17 November 2017
I was driving with blaring music on a hot summer day with 3 other friends in the car. My mother ordered us to return home because we were late, so, just as any sensible human being would do, we sped maneuvered through Atlanta traffic like absolute maniacs. As we approached a particular intersection, the lanes quickly began to merge into one, but there was an issue: there was a line of stubborn cars in the merged lane. I was the only one left in my lane that was coming to an end soon and I logically thought, “I will just cut everyone off in this tank-like SUV. It’ll be a piece-of-cake.” I did not know that, in fact, this was no piece-of-cake by any means. Without hesitation, I quickly signaled and put the pedal to the metal to get my hood of the car in a small gap between the car to my left and the car in front of it. Success. I had just cut-off more than twenty cars. Then, I heard a furious yelling coming from my left in addition to a persistent honking. I looked over to see what the commotion was about, because, clearly, the driver I just cut-off was livid. Partially halted in the merged lane, I angrily turned to yell back and made eye-contact with the fuming driver: it was a close family friend from church…
I would never expect to see a close church friend on the streets over one hour away from church; nonetheless, expect to cut them off in traffic. I recall joking and apologizing to the lady immediately after this occurred. Then, I received a phone call a few minutes later from my mother yelling at me about how she was going to kill me when I returned. However, I learned a few lessons from this encounter. Firstly, be aware of the time because these situations can be avoided with ease if you just leave earlier. Secondly, be ready to see someone you know at all times because you never know when or in what circumstance you will see a familiar face. Lastly, think before you act because if you say one wrong thing at the wrong time to the wrong person, before you know it, your life could be over. For me, seeing involves a comfortable form of reflection. I frequently question the things I do and see. Probably, questioning my actions is something I have learned over time.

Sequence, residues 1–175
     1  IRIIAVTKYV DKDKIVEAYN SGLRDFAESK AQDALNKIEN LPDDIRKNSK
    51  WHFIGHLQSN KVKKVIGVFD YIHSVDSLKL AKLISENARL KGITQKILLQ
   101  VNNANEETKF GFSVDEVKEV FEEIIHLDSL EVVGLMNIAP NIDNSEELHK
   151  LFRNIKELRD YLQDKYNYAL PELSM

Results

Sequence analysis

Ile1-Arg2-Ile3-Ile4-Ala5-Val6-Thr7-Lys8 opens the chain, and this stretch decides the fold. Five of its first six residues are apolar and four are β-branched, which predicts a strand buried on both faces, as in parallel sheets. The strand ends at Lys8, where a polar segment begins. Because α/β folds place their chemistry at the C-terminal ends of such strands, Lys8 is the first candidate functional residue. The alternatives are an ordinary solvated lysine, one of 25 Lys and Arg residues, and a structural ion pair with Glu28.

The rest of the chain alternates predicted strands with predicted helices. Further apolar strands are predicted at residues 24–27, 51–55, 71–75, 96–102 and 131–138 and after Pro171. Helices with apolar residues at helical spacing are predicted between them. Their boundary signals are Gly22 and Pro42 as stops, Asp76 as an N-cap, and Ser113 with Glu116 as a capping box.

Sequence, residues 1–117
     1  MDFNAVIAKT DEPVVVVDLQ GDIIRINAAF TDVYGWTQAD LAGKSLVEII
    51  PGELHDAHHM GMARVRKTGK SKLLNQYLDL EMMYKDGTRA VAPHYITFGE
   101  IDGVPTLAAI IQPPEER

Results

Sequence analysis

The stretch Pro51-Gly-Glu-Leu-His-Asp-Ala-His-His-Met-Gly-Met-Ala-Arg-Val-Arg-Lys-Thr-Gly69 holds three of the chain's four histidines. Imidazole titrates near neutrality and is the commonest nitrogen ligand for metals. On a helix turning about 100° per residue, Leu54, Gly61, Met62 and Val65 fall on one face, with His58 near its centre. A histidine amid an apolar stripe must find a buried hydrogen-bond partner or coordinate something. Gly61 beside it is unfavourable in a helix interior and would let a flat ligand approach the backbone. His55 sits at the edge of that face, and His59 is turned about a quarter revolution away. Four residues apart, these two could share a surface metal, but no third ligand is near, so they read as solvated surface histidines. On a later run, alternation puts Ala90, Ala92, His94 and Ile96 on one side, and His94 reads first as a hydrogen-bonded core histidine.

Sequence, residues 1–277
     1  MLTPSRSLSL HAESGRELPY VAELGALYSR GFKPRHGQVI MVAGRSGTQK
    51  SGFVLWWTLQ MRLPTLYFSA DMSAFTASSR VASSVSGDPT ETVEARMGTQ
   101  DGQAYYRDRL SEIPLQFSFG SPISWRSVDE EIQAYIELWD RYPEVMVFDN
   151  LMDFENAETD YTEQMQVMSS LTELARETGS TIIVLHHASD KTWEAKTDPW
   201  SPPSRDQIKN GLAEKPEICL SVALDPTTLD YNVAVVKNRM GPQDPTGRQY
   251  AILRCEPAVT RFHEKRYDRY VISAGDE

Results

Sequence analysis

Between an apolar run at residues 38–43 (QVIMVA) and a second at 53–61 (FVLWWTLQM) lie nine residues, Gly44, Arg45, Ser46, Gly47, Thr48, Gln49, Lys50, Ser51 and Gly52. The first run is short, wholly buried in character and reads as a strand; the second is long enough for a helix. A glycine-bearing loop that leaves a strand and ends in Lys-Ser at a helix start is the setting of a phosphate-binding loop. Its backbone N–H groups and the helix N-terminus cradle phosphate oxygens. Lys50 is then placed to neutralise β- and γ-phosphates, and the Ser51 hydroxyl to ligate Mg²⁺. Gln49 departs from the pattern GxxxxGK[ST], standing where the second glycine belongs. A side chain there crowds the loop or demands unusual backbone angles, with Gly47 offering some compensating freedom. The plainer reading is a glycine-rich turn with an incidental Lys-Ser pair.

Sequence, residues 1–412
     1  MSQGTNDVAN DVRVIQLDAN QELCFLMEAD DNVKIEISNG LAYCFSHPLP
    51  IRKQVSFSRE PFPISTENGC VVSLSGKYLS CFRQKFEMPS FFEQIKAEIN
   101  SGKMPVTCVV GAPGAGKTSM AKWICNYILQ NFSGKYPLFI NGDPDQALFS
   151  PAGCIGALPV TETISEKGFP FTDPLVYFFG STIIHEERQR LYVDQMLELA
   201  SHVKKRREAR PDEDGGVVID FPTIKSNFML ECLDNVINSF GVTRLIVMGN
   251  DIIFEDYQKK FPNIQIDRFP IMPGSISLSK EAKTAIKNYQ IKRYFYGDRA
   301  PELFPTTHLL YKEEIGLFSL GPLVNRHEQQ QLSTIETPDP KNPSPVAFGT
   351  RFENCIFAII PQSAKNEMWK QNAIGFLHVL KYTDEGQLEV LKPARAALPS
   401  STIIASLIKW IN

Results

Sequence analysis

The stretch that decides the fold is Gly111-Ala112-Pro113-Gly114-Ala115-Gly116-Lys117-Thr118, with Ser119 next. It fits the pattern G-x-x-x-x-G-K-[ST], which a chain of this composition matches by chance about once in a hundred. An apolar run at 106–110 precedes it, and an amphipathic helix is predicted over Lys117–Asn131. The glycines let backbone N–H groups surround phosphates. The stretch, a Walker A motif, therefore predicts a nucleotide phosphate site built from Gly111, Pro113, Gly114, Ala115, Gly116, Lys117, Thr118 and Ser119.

In a descriptive reflection in Annie Dillard’s essay, “Seeing,” Dillard speaks of the various times she used to hide a penny for someone else to find. She would then take a piece of chalk to indicate where a passing-by stranger could locate this “free gift from the universe.” In her young mind, she believed that, “It is that simple. What you see is what you get” (Dillard 11). She made it apparent for any stranger that was willing to look and put effort forth to be able to find the penny. With this, Dillard adds, “There are lots of things to see, unwrapped gifts and free surprises” (Dillard 11). Dillard utilizes this anecdote to present the idea that seeing involves a comfortable form of reflecti...